Rodale Institute Farm Director Jeff Moyer talks about what is happening in our fields and yours.
I recently purchased 80 acres in Indiana. About 30 acres are tillable. A local farmer asked about the hay, and I agreed to let him have it if he wanted to cut and bale it. He approached me the next year asking if I wanted to make some money on the farm and suggested planting a winter wheat crop and baling the straw. After that a new hay crop would be planted. I told him that I was indeed interested. Unfortunately, I have found out from the other neighbors that he took it upon himself to plant soybeans and has now planted all 30 acres in winter wheat. This was done without my knowledge or consent, and without any lease agreement. I am now looking for a reasonable solution.
I know that he has invested in lime, seed, probably weed killer and fertilizer. I really think he thought he could slip one by me. All of the other farmers I have talked to said that I should get a long-term (4 or 5 years) lease from him. They also said that he could expect to square bale 100 bales of hay per acre twice a year.
• Is that a correct (or reasonable) estimate for the hay yield?
• Would it be reasonable to allow him any and all profits from the wheat and straw in 2007, provided he plants a hay crop?
• Would it be reasonable to request $50 per acre for the next 4 years as a lease on that hay crop?
I don’t want to be unreasonable, but I don’t want to be taken advantage of either. The other farmers have said that my proposal is more than fair. I know this is not your typical farming question, but I really could use some direction in this.
You’re right, this isn’t the typical farming question, but that doesn’t make it any less relevant. Landowners like yourself all over the country struggle with similar issues dealing with land rental agreements (or, as in your case, lack of a formal agreement). Land rental agreements between neighbors run the gamut of complexity and formality of terms. They can be a handshake deal over the fence row, or a legal lease agreement signed in an office with an attorney present. The point is, there is no right or wrong way to conduct this type of business, provided all parties involved feel comfortable with the terms and happy with the outcome. As in your case, the lack of a formal written agreement can lead to misunderstandings, or even blatant disregard for the other party.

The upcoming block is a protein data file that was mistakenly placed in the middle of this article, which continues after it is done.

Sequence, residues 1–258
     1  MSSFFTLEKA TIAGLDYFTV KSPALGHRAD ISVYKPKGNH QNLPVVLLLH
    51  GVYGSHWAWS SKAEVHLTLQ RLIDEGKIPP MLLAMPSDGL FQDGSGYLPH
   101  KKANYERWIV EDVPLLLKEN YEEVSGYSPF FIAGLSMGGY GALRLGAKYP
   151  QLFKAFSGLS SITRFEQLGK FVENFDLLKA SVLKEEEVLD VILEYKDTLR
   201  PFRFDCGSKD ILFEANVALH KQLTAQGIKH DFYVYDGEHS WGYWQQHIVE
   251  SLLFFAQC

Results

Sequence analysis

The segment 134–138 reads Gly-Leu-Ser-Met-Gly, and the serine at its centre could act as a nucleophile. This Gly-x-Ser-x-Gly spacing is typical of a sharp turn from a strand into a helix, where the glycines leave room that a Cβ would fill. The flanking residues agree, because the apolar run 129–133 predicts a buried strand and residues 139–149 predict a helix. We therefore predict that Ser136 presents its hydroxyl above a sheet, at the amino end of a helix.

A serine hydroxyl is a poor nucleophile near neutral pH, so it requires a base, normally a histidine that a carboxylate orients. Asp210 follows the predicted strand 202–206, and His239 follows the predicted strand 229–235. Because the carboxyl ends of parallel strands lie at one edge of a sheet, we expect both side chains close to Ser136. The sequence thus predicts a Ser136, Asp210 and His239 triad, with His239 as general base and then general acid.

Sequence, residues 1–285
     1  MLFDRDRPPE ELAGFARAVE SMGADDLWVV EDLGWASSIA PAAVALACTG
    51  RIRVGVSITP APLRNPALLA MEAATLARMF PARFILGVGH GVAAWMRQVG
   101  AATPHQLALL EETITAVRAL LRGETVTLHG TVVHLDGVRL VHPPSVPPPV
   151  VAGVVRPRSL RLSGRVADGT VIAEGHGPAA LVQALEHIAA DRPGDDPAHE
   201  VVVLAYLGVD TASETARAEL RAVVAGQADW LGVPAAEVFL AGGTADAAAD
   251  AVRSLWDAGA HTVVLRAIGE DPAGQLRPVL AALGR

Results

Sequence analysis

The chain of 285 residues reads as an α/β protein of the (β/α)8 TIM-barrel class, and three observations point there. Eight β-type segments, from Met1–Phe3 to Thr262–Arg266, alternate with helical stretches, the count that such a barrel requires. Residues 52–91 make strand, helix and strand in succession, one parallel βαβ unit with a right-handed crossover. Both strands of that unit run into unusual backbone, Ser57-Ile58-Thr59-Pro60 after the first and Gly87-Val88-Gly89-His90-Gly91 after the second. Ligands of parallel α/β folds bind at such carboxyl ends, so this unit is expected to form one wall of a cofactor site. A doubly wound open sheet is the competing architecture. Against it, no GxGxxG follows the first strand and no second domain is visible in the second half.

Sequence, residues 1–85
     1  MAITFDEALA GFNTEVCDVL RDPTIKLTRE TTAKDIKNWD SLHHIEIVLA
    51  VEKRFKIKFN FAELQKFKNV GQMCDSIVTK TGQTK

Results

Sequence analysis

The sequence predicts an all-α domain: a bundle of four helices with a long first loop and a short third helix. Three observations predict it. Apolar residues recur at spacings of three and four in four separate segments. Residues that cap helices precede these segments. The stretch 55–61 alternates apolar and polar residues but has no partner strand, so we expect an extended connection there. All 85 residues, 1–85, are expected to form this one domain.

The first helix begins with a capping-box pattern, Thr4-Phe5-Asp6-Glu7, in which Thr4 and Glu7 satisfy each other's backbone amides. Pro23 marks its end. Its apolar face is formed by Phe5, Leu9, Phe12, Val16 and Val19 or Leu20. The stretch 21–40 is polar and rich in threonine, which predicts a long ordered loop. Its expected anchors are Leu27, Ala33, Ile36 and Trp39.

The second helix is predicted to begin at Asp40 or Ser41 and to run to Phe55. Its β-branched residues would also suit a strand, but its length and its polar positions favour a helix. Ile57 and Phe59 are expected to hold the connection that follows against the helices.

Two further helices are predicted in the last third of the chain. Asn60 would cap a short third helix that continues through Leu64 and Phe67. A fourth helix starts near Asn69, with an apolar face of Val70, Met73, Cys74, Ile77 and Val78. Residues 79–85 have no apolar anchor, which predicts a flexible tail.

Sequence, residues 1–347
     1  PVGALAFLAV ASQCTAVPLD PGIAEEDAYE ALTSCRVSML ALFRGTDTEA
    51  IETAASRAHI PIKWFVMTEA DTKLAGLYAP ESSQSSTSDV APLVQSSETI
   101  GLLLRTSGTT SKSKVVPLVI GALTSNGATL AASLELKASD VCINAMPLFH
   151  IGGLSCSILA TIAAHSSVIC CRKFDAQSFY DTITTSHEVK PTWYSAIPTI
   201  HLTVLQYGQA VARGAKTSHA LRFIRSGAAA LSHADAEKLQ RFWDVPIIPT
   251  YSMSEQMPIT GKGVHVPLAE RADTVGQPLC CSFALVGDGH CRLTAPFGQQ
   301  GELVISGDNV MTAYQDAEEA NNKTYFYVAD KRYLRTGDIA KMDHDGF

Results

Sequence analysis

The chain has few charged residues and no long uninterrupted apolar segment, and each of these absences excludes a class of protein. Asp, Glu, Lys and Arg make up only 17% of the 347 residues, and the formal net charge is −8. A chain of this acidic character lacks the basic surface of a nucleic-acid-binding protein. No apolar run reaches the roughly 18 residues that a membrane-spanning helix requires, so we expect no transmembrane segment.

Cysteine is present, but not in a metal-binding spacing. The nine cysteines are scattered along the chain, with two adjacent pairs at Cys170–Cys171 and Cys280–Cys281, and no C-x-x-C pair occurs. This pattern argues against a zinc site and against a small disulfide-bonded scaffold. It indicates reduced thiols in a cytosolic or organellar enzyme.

I always suggest the use of a written agreement signed by all the parties involved with each retaining a copy. This generally helps avoid any misunderstanding. This could be a simple typed or handwritten one-page letter with a place to sign and date, stating what should happen with the land, who is responsible for what (crop selection, input costs, etc.), how and when payment is made, and the length of time of the agreement.
When it comes to payment there are as many terms as you can imagine, from “farm it as you want; I’m glad someone is” to cash payment on a per-acre basis, to splitting the crop. All have their good and bad points. If you have no use for a percentage of the crop and do not wish to get involved in crop sales, I suggest cash payment.
In regard to your question on yield of straw, hay and wheat—weather and farming practices will dictate what they will be. As for bale count on hay, it all depends on the type and size of the bale. If you link your payments to crop yield, I suggest you base it on tonnage or weight, not on bale counts.
In most cases, if you are not directly involved with the land, I suggest strictly cash rent. I suggest you research similar rents paid in your area for land of equal quality. If that is $50 as you propose in your question, then go with that. If it is more or less, make the appropriate adjustment. Again, all parties should come away feeling positive about the outcome.
Now for the length of the lease: Here again, it is all about comfort levels. Some farmers want to get a multi-year lease to enable them to establish cover crops and take advantage of soil improvements and/or the addition of slow-release soil additives. Oftentimes, the landowner benefits from a multi-year lease knowing that they have a reliable income from the land and that the soil is being better managed. If a farmer only has a year-to-year lease, they may assume a “take” attitude toward the soil since they may be in or out at any given time.
In any regard, work with your farmer to find a positive solution to your rental agreement, do your homework to find a farmer who has similar interest for the land as you do and is willing to work with your time frame, and come up with a crop rotation and management strategy that you can all agree with.